1. Implement measures on a national level

Countries should take responsibility and implement measures within their own countries to enhance accessibility. License to Heal proposes the implementation of criteria for the licensing of new active pharmaceutical substances that are discovered in publicly financed research institutions.

Preferably by incorporating the following criteria in the license agreements:

  • Require the licensee to be transparent about the added value and cost structure of a drug (including marketing costs, public R&D investments and tax rebates);
  • To require the licensee to ensure access to the drug originating from such institutions by asking a responsible price;
  • In developing countries: allow licenses to be given to more than one licensee. This will result in market competition.

The second solution will have the most impact when countries implement these measures simultaneously, as this won’t give pharmaceutical companies the option playing countries off against each other, by cutting off the provision of a drug in a country that takes action, while still selling to those countries that don’t.

Dutch parliament committee on health care discussing the manifesto (The Hague, 2017)

License to Heal goes international
The working group members of License to Heal are convinced that these proposed measures will only have an impact when they are implemented on an international level. Therefore, together with JOVD, we created the License to Heal resolution, to give us an opportunity to discuss the initiative during the IFLRY and LYMEC GA. We are very grateful for all the parties who co-signed and/or worked together with us: JNC Catalunya (Catalonia), Keskustanuoret (Finland), Radikal Ungdom (Demnark), Venstres Ungdom (Denmark), Junge Liberale (Germany), Vesna (Russia), Jong VLD (Belgium), Federation Etufiants Liberal (Belgium) and Ógra Fianna Fáil (Ireland). And of course all the different parties that voted in favor of this resolution as well. We are delighted that JNC already got the resolution adopted during their own GA this year!!!!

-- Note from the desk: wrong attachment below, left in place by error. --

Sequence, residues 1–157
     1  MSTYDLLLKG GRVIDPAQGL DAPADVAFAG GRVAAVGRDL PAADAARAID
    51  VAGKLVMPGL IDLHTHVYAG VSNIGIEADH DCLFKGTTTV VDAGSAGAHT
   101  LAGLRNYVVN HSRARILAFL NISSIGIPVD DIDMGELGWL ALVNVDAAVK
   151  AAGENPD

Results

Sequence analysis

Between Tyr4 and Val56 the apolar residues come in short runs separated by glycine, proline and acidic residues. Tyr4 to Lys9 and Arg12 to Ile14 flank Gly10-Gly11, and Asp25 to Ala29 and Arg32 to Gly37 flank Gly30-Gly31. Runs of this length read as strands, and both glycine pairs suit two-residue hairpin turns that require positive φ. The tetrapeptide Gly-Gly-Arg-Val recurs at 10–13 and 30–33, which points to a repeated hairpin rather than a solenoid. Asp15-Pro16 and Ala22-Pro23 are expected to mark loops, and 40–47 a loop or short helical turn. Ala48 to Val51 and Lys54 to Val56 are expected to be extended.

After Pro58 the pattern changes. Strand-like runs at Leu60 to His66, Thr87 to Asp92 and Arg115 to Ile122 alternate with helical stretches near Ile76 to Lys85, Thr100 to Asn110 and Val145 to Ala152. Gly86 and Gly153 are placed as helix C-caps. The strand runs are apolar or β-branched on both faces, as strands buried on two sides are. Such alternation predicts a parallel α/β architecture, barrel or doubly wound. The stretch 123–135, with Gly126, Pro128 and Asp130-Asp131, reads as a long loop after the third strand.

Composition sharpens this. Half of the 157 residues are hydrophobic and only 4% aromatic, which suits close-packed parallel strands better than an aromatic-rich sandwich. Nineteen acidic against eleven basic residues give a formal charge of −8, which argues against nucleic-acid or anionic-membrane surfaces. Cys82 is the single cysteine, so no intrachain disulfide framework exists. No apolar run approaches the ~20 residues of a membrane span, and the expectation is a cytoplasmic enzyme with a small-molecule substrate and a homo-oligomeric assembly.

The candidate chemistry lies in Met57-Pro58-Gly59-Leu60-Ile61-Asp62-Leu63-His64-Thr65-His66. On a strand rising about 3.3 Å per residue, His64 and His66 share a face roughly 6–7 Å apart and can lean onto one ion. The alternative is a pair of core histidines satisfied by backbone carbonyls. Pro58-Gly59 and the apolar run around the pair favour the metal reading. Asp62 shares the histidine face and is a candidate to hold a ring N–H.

Happy co-signers at IFLRY GA (Thessaloniki, 2017)

Also, another version of the License to Heal resolution was adopted during the GA of YEPP, the network of Christian Democrats political youth organizations, and will be submitted for debate at the network organizations of the green movement, the Christian political youth and the young socialists youth network by other License to Heal working group members.

We need your help!
In the resolution we call upon all member organizations to propose these solutions to their own government. We would like to ask you to, like JNC, write resolutions based on License to Heal and submit them at the GA of your own (mother)party. Also, please let us know if there are any new issues in your country with access to drugs.

If you want to keep updated about License to heal please go to our website or follow us on Facebook and twitter.

Finally, if you want to become an active member of License to heal pleas me send me a on Facebook PMJ, or email me at: If you need any help or have questions, please feel free to contact me!!

Carlijn Olde Reuver is the international officer of the License to Heal Board. She holds a Masters degree in Health Sciences and Administration, and is currently working as a Project manager for a company that measures and compares the quality of health care in different countries around the world.  She is also an active member of D66 and Jonge Democraten, and is active in their International and Health Care working groups.  

Leave a Reply

Your email address will not be published. Required fields are marked *

This site uses Akismet to reduce spam. Learn how your comment data is processed.